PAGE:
Easier regulations are on the horizon, Vietnam has told technology startups and investors, in contrast to the red tape that has grown amid the country’s widening crackdown on corruption.
Nguyen Duc Long, acting director of the country’s National Innovation Center (NIC), said in an interview that Vietnam will revise Decree 38, which legally defines startups and venture capital and lets the government invest in startups. But he told Nikkei Asia it would be “more difficult” to change other rules, such as those on cross-border transactions in Vietnam, which strictly controls money sent abroad, including for stock listings.
The NIC, under the Ministry of Planning and Investment, has had multiple meetings with businesses, including in October, when it listened on how to improve Decree 38.
“That will be a priority,” Long told Nikkei.
Suggestions included raising the cap on investors in a venture capital fund, letting them invest in more industries, and allowing for more borrowing options, the NIC said.
Vietnam has sought to offer reassurance amid market volatility, both inside and outside the country. Internationally, headwinds have ranged from bank panics to tech layoffs after tougher financing conditions pushed companies to cut costs.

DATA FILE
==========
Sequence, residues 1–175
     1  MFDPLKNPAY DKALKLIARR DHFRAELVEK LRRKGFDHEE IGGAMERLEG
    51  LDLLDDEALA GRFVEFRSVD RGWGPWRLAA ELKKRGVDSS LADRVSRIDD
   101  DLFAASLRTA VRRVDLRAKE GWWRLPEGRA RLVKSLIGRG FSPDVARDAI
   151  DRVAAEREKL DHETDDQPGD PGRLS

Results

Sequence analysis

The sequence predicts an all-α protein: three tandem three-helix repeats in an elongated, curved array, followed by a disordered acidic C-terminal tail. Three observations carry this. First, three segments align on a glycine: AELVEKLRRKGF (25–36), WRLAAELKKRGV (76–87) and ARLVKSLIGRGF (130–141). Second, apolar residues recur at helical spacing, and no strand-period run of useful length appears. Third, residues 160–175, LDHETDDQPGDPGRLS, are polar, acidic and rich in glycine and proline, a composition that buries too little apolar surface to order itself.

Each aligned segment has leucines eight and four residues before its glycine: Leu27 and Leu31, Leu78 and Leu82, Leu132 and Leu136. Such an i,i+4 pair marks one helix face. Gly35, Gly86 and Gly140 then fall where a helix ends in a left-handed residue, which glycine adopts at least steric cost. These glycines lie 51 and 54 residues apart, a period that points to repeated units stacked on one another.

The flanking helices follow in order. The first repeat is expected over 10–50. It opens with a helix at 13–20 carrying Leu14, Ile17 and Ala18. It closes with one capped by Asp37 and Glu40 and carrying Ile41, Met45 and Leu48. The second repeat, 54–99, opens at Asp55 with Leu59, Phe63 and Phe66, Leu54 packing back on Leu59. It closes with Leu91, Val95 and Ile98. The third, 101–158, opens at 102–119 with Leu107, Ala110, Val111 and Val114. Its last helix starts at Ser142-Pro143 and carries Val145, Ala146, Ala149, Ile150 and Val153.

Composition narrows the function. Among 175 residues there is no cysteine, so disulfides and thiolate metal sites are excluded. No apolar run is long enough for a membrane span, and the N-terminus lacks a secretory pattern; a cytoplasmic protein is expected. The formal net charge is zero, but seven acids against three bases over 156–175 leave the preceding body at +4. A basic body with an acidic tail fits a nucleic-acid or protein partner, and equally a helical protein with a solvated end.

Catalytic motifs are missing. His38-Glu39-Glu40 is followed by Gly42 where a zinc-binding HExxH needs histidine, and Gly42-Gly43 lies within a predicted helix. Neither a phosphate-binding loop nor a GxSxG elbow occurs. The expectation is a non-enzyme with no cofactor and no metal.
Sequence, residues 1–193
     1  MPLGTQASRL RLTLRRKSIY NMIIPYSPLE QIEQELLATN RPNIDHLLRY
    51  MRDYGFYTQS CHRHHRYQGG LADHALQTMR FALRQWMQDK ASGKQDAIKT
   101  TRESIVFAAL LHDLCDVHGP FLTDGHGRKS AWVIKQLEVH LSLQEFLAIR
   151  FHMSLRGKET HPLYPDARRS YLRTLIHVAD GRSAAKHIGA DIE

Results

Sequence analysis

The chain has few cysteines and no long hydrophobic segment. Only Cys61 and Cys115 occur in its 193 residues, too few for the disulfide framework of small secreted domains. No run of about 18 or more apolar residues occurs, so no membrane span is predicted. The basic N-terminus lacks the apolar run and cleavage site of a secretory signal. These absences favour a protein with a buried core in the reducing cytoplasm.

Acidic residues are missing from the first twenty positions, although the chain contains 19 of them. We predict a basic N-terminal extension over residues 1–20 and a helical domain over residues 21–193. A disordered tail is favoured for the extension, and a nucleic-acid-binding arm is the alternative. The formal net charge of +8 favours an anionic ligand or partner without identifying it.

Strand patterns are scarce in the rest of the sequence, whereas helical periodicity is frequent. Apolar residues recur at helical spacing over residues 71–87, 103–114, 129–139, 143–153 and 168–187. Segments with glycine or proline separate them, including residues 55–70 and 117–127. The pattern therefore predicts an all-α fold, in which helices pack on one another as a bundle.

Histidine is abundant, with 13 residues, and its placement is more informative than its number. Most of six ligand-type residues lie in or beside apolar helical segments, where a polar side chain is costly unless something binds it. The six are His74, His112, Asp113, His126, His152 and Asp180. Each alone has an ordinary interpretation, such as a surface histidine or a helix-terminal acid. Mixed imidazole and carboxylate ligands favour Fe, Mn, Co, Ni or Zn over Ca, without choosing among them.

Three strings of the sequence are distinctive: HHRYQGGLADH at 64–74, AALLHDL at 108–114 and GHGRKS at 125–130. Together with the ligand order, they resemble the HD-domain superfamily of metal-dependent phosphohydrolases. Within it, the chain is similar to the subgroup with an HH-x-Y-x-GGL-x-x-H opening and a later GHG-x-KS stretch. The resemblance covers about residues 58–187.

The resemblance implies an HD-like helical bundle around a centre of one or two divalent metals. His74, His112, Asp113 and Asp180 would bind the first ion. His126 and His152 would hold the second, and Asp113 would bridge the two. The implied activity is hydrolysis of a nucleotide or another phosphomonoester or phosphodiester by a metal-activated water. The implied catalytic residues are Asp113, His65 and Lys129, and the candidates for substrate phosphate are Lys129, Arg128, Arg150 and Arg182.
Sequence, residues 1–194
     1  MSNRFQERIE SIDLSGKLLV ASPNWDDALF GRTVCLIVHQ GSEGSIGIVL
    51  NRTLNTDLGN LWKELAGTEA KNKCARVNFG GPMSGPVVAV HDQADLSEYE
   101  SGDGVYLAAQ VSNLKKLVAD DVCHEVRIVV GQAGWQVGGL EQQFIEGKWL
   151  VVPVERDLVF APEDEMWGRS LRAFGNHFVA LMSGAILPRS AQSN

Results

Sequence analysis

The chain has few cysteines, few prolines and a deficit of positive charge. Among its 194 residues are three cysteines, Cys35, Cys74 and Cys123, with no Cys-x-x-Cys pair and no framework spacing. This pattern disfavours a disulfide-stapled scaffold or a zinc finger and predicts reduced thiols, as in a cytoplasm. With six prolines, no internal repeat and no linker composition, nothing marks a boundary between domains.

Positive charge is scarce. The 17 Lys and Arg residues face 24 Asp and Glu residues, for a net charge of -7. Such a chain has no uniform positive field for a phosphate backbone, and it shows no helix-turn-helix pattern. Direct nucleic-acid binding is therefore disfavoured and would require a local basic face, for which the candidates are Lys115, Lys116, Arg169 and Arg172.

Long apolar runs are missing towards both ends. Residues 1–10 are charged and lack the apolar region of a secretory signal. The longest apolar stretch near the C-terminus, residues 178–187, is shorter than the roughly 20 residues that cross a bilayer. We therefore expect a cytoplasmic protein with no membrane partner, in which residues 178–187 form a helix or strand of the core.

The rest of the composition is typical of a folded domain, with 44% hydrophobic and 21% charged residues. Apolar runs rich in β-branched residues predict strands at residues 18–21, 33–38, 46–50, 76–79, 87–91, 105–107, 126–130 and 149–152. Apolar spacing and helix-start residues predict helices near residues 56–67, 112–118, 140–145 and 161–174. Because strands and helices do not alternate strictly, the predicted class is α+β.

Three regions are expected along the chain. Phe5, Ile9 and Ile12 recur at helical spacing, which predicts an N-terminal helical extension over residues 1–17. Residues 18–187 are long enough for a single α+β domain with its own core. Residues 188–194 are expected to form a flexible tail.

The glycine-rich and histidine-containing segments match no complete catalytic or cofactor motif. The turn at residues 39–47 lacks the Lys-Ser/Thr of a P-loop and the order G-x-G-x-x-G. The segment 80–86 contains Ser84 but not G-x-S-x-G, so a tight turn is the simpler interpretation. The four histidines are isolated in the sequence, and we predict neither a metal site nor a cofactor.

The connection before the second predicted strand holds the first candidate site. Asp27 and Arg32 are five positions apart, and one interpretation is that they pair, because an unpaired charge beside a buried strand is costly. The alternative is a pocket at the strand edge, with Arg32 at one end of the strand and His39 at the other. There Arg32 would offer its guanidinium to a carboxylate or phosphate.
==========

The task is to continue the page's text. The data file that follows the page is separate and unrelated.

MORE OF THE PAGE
“Investors globally are spooked,” said Golden Gate Ventures founding partner Vinnie Lauria at a Forbes tech summit in Ho Chi Minh City last week. “They’re acting irrationally. They’re acting like teenagers. So that means fundraising is always going to be more difficult in this environment.”
Long was also a panelist at the summit, where he struck a very congenial chord with entrepreneurs.
“Vietnam has been very open to dialogue between the government, the policymakers … the investment funds and the startup community to identify the pain points of the market,” he said, adding that on the regulatory outlook, “I think we have narrowed down what we need to do.”
But regulations are just one issue, and execution is another. Businesses across a host of sectors are complaining of bureaucratic paralysis due to the ongoing campaign against graft. Permit approvals, for example, have slowed to a trickle as officials fear making mistakes. In this way, the anti-graft campaign is “heightening the risk aversion endemic in the country’s lower- to upper-tiers of government,” said To Minh Son, political research assistant at Nanyang Technological University in Singapore.
Decree 38 allows VCs to use gold or even land-use rights to finance their funds, though other capital constraints remain. With little clarity on stock options or convertible loans, for example, few startups choose to pursue initial public offerings in Vietnam. This limits investors’ ability to exit or sell their investments, as does the difficulty of transferring cash overseas, said Hong-Jin Kim, managing director of South Korea-based Stic Investments.
“Because of some kinds of regulations, because of some kinds of size [of startups] … sometimes it’s quite hard to do the IPO,” he said.